At wall, no Dirac Live

On Sardines, the kick drum was a little ringy, not tight, while having the concentrated and punchy quality that I appreciate. There was a BIG bass peak that got triggered by certain vocal and piano notes and really sounded bloated. Overall tonality was a bit off with a scooped midrange sound. SS was very wide, image clarity was fair. There was something about highs that I was not not crazy about. On Roscoe, image clarity was fair, the voices were not very well separated. Remember’s kick drum was tight, SS was quite wide.

On Remember, the lower frequency range of the big drum kept it out of the trigger range that excited the LF bloating or ringing, so that sound was quick and tightly damped. Dynamics from the piano on Variations were handled with ease. On Shame, the harmonica tones were all over the place in the SS, but the echoes were well formed.

At wall, with Dirac Live

Sardines - the Dirac Live did a great job of bringing sanity to the sonic situation, the kick drum was very punchy, focused, and tight, with no ringing, and very even FR and tonality, with no bloated notes. The SS was very wide, imaging was tighter, the hf “problem”’ was not in evidence and was not heard again. Roscoe’s image clarity was a little better. The piano on Variations now had some tinkle. The image clarity on Shame was still off a little with the sheen on Cindy’s voice being not quite on target with the rest of that image.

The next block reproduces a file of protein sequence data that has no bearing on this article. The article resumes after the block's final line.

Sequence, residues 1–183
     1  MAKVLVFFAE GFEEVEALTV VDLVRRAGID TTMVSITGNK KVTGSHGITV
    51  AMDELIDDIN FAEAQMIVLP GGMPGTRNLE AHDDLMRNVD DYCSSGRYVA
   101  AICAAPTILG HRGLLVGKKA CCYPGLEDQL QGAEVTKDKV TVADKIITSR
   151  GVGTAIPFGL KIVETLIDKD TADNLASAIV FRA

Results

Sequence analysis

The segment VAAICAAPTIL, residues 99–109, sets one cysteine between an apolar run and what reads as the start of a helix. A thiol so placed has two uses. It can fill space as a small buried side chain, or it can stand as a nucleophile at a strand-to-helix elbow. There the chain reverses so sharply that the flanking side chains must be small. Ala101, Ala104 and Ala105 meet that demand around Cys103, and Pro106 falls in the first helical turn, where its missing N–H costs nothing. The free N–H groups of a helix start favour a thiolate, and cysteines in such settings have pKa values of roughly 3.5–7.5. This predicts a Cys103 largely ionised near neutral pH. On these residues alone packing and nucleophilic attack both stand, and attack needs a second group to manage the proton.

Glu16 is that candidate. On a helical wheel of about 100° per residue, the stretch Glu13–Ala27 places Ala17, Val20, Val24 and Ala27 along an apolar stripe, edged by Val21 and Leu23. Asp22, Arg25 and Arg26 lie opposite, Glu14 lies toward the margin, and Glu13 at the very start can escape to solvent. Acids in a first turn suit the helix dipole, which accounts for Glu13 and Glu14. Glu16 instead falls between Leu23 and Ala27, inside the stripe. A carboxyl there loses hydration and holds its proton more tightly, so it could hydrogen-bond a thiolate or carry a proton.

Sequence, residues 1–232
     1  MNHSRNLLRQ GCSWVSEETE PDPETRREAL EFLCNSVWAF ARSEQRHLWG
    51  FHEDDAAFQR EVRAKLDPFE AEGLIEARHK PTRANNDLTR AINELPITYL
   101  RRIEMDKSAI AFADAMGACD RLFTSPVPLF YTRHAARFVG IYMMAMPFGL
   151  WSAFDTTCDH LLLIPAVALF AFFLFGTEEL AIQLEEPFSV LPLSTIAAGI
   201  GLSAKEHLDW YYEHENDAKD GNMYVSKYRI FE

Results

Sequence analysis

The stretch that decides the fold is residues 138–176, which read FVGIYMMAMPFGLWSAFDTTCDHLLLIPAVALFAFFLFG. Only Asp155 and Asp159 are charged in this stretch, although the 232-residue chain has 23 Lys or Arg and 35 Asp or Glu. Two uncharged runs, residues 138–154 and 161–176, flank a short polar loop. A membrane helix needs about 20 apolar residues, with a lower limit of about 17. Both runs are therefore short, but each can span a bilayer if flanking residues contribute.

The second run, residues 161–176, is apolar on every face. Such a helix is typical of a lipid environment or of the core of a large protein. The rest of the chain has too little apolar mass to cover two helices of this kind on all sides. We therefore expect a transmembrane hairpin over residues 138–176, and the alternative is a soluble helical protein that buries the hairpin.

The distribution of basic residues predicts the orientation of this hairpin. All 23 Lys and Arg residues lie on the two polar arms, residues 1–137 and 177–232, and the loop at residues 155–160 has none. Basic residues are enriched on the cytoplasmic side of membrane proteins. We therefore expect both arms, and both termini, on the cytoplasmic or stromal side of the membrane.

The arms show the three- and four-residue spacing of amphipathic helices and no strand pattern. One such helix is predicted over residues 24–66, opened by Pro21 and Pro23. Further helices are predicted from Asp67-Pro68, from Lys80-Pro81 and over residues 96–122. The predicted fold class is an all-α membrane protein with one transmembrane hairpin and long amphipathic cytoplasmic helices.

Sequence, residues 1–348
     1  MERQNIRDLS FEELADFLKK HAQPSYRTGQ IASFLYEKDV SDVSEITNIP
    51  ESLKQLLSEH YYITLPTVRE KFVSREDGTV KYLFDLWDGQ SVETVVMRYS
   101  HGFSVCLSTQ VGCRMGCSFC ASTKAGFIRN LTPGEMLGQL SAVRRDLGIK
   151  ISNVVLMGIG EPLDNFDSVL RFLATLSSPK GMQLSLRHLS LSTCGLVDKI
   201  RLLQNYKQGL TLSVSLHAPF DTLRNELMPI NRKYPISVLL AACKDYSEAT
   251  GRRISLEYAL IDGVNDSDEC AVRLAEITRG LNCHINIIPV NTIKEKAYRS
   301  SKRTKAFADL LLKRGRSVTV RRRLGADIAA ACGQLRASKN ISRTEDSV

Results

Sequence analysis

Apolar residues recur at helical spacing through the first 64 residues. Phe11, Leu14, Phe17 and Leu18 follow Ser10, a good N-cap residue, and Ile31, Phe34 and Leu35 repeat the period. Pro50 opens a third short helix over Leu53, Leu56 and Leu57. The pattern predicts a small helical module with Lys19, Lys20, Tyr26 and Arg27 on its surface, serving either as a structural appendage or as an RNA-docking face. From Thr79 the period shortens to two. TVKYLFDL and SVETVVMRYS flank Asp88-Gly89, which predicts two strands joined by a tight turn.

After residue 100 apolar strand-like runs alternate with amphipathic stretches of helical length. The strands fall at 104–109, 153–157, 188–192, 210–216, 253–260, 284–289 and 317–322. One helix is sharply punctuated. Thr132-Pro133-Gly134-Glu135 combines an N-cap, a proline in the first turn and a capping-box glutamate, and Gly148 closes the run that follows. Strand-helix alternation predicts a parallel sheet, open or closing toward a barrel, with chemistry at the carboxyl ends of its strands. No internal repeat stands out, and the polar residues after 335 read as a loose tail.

Optimum position, with and without Dirac Live

The soundstage grew, with improved image clarity, but some of the LF room anomalies returned, including bass peaks and a little bloating on the occasional low note. The Overs piano on Variations sounded more like a Bosendorfer with the scooped midrange, not a bad piano sound, but also not true to the recording. The beginnings of some depth acuity were appearing along with the deeper, wider soundstage.

Applying Dirac Live in this speaker position really dressed up the sound of the M9. Image clarity became very sharp and precise. The soundstage, which was clearly pulled toward the middle of the room without the processing, was pulled outward and evenly distributed, feeling better organized with good separation on the voices of Roscoe. Harmonica tones settled down, the HF sheen on Cindy’s voice was on target, depth acuity improved a little, and the M9 were acting very grown up. The piano sound was truer, back to the desired Overs sound with the perfect amount of tinkle.

Our Scansonic M9 experience provided a great example of what room placement do for a speaker.
  • At the wall, no DL, “OK” SS&I performance with bloated bass and inaccurate FR. There are exceptions to this, but they are difficult to predict. A front-ported cabinet can help, but is not a cure-all.
  • At the wall, with DL, SS&I greatly improved along with FR, still some imperfections in evidence.
  • Optimum position, no DL, SS&I gathered to the middle, FR good but not great.
  • Optimum position, with DL, SS&I now all sorted out, big, coherent, with wide-open spaces between images, and FR anomalies all put to bed so the grownups can crank it up and have some fun.